Juvenile CHINS. Affirms the denial of S.H.’s relief from judgment pursuant to Indiana Trial Rule 60(B)(6). Finds service was properly made pursuant to T.R. 4.1(A)(1). The trial court obtained personal jurisdiction over S.H. once D.H. signed the green card on S.H.’s behalf at a Dixon Street address. Finds the Marion Superior Court did not err in denying S.H.’s motion for relief from judgment.

David C. Franks v. State of Indiana (mem. dec.)
Criminal. Remands the revocation of David C. Franks’ suspended sentences in three cause numbers with instructions to amend the revocation order to reflect that Franks is entitled to 12 days of credit time in FB-39 and 57 days of credit time in FB-54. The sentences in those cause numbers were completely suspended to probation and, thus, the Department of Correction could not have applied the credit time previously.

Paris LaPriest Powell v. State of Indiana (mem. dec.)
Criminal. Affirms Paris LaPriest Powell’s conviction of battery as a Class A misdemeanor and conversion as a Class A misdemeanor and his sentence to one year, with six months suspended and the balance to be served on work release. The Madison Circuit Court did not abuse its discretion in instructing the jury and Powell has not shown that a Brady violation occurred. Finds the trial court did not prevent him from presenting evidence on his behalf at sentencing, and Powell’s claim that his sentence is inappropriate is moot.

Debra K. Ford, Personal Representative of the Estate of Darlene M. Welsh v. Indiana Heart Hospital (mem. dec.)
Civil tort. Reverses summary judgment in favor of the Indiana Heart Hospital. Because Amanda Dillow’s affidavit sufficiently stated that the hospital breached the standard of care in Welsh’s case, it created a genuine issue of material fact as to duty and breach. Remands for further proceedings. Judge John Baker dissents with separate opinion.

In re the Termination of the Parent-Child Relationship of T.H. (Minor Child), and J.H. (Father) v. The Indiana Department of Child Services (mem. dec.)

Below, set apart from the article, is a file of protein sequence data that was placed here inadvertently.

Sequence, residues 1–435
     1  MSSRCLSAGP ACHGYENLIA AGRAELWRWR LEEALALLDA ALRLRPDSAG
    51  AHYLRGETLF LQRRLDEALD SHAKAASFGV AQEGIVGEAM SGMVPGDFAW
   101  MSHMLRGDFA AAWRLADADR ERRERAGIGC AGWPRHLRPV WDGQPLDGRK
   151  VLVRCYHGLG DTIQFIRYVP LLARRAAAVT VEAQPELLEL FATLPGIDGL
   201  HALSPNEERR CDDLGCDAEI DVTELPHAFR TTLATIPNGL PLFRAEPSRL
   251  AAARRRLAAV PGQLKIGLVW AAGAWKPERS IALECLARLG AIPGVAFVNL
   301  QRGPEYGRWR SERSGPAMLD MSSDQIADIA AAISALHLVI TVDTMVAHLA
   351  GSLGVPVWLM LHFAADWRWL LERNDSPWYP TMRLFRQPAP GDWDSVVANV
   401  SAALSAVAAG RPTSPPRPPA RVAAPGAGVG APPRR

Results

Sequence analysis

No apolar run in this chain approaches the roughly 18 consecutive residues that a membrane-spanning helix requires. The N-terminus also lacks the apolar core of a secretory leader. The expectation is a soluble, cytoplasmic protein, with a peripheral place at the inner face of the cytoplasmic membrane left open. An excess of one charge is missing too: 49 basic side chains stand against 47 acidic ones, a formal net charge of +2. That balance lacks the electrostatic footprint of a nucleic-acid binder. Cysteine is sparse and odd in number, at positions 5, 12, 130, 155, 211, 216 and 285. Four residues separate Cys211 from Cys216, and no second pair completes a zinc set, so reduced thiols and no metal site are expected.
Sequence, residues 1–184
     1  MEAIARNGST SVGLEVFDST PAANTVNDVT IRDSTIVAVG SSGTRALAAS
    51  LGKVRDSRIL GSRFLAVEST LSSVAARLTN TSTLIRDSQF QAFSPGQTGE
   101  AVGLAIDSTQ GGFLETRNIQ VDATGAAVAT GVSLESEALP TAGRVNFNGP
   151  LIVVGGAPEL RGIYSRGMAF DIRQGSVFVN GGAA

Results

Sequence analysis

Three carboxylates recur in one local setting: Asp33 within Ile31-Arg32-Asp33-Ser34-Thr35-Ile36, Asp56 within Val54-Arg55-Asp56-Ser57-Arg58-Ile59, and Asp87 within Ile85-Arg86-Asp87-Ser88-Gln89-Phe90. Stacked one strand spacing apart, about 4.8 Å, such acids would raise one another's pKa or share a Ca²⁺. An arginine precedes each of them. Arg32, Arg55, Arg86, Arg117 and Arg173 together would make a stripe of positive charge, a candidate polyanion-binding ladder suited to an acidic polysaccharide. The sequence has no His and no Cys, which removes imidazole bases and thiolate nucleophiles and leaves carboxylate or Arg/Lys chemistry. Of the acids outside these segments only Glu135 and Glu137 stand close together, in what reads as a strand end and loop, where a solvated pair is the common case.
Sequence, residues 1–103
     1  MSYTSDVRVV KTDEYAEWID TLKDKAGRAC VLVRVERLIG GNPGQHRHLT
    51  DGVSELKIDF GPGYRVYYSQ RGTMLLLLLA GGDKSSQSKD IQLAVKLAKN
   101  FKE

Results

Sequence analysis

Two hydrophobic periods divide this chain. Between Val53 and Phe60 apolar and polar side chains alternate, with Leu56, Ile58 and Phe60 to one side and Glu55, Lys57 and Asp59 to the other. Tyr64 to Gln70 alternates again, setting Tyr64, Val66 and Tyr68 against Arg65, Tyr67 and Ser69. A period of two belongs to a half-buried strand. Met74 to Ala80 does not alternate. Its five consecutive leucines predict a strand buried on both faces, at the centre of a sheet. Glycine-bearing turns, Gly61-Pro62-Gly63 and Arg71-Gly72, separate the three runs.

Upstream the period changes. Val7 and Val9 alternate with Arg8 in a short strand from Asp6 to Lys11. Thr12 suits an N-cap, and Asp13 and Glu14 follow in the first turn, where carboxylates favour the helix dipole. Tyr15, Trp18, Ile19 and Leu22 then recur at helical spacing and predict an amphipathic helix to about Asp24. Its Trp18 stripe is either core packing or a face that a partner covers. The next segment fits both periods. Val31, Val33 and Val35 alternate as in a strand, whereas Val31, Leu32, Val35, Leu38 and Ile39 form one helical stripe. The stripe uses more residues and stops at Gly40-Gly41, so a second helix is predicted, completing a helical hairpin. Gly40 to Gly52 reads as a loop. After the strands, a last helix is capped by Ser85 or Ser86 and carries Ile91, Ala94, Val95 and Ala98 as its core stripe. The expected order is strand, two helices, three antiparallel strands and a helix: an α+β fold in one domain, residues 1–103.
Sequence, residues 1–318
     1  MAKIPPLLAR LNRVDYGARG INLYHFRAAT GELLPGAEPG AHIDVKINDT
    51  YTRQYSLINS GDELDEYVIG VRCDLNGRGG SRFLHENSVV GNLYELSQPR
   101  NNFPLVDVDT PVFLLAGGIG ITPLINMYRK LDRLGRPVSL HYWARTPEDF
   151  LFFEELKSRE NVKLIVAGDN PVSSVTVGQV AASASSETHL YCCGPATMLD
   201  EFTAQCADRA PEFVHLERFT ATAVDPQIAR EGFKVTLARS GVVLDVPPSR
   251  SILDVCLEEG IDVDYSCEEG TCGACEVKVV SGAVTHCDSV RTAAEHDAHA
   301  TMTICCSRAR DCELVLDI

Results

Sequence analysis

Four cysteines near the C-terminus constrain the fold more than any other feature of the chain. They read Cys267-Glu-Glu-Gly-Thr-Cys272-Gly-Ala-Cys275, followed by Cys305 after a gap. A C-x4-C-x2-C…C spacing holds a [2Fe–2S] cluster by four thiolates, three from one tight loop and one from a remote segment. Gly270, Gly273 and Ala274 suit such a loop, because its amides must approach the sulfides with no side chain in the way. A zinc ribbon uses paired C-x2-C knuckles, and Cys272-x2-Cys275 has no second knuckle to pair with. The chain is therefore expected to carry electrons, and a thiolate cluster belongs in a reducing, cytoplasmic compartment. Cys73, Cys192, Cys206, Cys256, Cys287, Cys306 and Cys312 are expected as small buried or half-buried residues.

Juvenile termination of parental rights. Affirms the termination of J.H.’s parental rights to T.H. Clear and convincing evidence supports the Clark Circuit Court’s order terminating J.H.’s parental rights.

George A. Foote v. State of Indiana (mem. dec.)
Post-conviction. Affirms the Indiana Court of Appeals’ December 2016 decision in George A. Foote’s case. Grants rehearing for the limited purpose of addressing his claim that he received ineffective assistance of appellate counsel because his attorney denied him access to a direct appeal. Because the court already determined Foote suffered no prejudice in light of the fact that he would not have prevailed on the sentencing issue on direct appeal, he is not entitled to relief on rehearing.

Joseph Miller v. State of Indiana (mem. dec.)
Post-conviction. Affirms the denial of Joseph Miller’s petition for post-conviction relief. Based on the charging information, the evidence presented at trial and the instructions given, Miller was adequately informed of the nature of the charge against him and was given a sufficient opportunity to prepare a defense. Therefore, had appellate counsel raised this issue on appeal, it is unlikely that this court would have concluded that fundamental error occurred and that the result of the appeal would have been different.